Thanks!

      Liked by 1 person

      • I’m glad that works!

        And that’s really good to know about Uprooted 😀

        Yeah I really did like the first book- the later books focused on other training and (without spoilers) let’s just say she got a bit overpowered imo. Well, I’ll be honest I didn’t like the rest of the series as much, I hope you have a better time with the rest of the poison study books if you end up reading them!

        You’re welcome!

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  6. Great list, Nicola, and good point about apprentices not always being poorly skilled. I included Jonathan Strange on ours – a prime example of the apprentice quickly becoming even more skilled than the master!

    I still hate myself for not thinking of Mort…

    Liked by 1 person

    • Haha yes true, Strange outstripped his master pretty quickly (I guess that also had to do with the fact his master was a really stubborn, difficult character!!). Actually he was so talented I’d forgotten he was even an apprentice until I saw your list.

      Ah I know the feeling, I often see great books and characters on other lists and am annoyed I didn’t think of them too!

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  7. Wonderful as always! I love these posts, they’re like carefully curated book recommendations each month 😀

    I only wish Sparrowhawk/Ged was on this list, but I guess he isn’t an apprentice for much of his tale…

    Liked by 1 person

    • Thanks! Haha yes, actually the topics often remind me of great books I haven’t thought about or recommended to anyone in a while so it works well to jog my memory and keep things different 🙂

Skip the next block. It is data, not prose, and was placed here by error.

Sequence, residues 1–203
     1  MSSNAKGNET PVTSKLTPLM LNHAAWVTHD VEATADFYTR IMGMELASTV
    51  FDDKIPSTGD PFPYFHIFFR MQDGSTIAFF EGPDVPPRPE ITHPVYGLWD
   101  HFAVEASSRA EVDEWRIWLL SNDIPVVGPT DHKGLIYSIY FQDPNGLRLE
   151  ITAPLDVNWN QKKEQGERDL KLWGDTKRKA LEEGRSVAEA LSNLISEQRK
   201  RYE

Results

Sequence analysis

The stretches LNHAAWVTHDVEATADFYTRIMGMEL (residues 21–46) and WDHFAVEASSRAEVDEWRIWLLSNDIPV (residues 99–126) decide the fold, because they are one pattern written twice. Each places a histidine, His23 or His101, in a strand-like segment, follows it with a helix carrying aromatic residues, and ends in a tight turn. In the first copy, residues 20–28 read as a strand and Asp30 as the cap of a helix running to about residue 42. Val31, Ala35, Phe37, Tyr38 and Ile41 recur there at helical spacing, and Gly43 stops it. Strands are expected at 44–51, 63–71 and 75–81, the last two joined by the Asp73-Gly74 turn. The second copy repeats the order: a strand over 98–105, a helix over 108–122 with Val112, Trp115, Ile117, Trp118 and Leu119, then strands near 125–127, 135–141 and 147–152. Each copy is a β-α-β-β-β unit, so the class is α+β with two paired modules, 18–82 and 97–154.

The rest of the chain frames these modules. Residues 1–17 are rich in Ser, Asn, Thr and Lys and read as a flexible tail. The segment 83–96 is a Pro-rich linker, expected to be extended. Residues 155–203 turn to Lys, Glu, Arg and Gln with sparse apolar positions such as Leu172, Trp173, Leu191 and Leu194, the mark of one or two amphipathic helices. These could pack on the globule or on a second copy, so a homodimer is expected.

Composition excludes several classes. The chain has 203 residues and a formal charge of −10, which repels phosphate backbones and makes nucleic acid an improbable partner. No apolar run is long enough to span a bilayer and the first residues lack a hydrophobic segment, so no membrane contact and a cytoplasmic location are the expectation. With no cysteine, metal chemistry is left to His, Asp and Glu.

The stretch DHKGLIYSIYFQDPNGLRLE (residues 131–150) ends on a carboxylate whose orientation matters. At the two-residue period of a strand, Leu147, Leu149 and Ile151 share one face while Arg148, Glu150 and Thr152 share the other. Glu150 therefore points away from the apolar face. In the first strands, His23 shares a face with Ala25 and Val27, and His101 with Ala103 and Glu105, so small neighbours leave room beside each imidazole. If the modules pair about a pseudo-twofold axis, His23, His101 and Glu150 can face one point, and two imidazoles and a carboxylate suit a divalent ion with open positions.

True, Ged was an apprentice even if not for a long time! I’d forgotten about that, which is silly because I remember I really liked his master/tutor Ogion.

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  8. Thank you so much for giving a shout out to Assassin’s Apprentice. It’s one of my favorite fantasy novels of all time. The master-apprentice relationship between Chade and Fitz is both heartwarming and bitter and tragic. There are times you love Chade and see him as a good father figure that Fitz doesn’t have. There are other times Chade is cold and you just want to wring his neck. And yet, Chade has a reason for being the way he is. Likewise, the lead character Fitz, is a character you can’t help but mourn with, someone whose struggles you feel, as though you are placed in his shoes. Hobb is by far one of the best fantasy writers of all time. The way she can make you feel for characters, even minor characters you only meet for one or two chapters, never to see again, is unparalleled.

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    • I’m glad I mentioned one of your all-time favourites! And that’s a really good point, Chade was a fascinating character too, and his relationship with Fitz was a complex and compelling one. Hobb really is a great writer, I must read more of her books, I am often seeing glowing recommendations for other series of hers too!

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    • Daughter of Smoke and Bone is such a great trilogy, I can highly recommend starting with it!! It is a bit of a necromancer story, but more so in the sequels than in the first book I’d say – actually in my opinion the series gets more complex, unexpected and enthralling in the second and third books… though I know many people who love the first book just as much as the others. The romance has also got to be one of my favourite romances in a series ever 🙂